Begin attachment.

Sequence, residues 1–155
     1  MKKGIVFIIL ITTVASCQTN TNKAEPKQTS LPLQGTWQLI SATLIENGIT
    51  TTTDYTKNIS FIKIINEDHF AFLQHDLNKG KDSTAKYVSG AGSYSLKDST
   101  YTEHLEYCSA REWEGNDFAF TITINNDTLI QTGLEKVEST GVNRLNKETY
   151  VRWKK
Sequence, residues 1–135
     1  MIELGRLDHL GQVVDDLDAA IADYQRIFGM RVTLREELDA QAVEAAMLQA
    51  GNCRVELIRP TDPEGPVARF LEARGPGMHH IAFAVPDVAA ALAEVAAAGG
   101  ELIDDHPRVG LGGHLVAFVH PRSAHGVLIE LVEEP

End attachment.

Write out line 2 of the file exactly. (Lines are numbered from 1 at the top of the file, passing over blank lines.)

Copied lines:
     1  MKKGIVFIIL ITTVASCQTN TNKAEPKQTS LPLQGTWQLI SATLIENGIT